Canada’s top 1% saw fastest income acceleration, overall decrease in taxes

Those in the top one per cent saw average income growth in 2017 of 8.5 per cent to $477,700

The incomes of Canada’s top one per cent grew at a faster pace than everyone else in 2017 — and, overall, they saw their taxes edge down, says a new study.

Statistics Canada has found that in 2017 the average total income of all tax-filers rose 2.5 per cent to $48,400 compared to the previous year. The average income growth of the bottom half of tax filers increased 2.4 per cent to $17,200.

But those in the top one per cent saw average income growth that year of 8.5 per cent to $477,700.

And biggest surge in income growth was seen by those who made even more money.

Tax filers in Canada’s top 0.1 per cent, who made at least $740,300 in 2017, took home 17.2 per cent more income than in 2016. People in the top 0.01 per cent, who made $2.7 million or more, saw their incomes rise 27.2 per cent — making for the fourth-biggest annual increase in the last 35 years.

READ MORE: B.C. seniors’ poverty rate highest in Canada: report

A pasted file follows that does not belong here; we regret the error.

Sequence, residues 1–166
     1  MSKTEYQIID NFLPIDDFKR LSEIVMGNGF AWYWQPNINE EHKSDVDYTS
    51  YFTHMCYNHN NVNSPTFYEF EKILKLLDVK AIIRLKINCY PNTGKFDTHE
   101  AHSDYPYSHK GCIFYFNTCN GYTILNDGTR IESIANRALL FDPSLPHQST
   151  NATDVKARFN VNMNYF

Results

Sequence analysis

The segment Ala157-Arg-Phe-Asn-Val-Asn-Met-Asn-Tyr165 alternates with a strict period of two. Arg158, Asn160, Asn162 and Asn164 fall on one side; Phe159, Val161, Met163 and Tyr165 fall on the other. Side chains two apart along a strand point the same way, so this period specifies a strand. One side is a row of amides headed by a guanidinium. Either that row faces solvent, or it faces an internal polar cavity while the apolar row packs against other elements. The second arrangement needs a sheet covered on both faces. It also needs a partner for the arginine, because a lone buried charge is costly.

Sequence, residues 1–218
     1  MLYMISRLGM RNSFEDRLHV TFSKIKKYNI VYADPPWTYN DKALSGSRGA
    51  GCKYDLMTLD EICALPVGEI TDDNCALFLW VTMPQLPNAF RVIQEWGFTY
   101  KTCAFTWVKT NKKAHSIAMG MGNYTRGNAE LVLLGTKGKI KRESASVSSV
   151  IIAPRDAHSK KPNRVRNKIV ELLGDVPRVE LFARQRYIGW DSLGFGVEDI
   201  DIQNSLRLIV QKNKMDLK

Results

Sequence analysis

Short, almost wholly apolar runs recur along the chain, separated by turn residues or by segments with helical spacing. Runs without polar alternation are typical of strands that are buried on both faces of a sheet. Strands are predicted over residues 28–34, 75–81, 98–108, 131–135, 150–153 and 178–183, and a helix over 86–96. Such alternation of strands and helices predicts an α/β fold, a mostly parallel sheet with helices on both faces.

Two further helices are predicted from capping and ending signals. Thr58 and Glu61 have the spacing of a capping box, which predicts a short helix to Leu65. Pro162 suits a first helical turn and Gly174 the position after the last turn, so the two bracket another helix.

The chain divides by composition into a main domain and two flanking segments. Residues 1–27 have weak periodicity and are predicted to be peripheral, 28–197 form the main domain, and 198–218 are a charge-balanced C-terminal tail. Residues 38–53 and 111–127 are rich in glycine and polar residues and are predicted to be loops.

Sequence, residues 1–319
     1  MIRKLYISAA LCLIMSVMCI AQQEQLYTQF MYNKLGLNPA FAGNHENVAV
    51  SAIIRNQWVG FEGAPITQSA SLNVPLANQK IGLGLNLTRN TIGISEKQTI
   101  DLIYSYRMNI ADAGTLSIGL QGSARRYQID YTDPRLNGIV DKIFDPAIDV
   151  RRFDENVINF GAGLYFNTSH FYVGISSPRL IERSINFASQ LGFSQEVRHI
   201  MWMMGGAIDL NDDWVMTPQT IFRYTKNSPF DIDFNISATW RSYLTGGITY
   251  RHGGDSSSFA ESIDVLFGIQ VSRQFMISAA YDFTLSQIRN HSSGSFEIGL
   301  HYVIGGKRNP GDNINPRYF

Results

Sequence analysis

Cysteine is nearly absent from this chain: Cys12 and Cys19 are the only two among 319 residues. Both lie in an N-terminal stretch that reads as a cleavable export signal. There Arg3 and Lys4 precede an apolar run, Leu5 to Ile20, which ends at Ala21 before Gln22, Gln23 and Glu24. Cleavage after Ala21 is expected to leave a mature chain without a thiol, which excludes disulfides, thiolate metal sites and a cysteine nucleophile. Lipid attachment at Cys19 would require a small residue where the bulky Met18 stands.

The report’s release comes with the federal election campaign in full swing — and political pledges on taxes and helping regular folks with their finances have been prominent.

In 2016, the Liberal government increased the tax rate on income in the highest bracket. But the Statistics Canada report says that, even with the boost, taxes declined for those with the highest incomes because of reductions at the provincial level, especially in Quebec.

At the federal level, the report says, those in the top one per cent have been paying higher taxes since the government created a fifth tax bracket in 2016, which nudged the effective tax rate of people making the most money to 18.8 per cent from 18.4 per cent.

The overall effective tax rate, however, for those in the top one per cent declined to 30.9 per cent in 2017, down from 31.3 per cent the year before, the study says.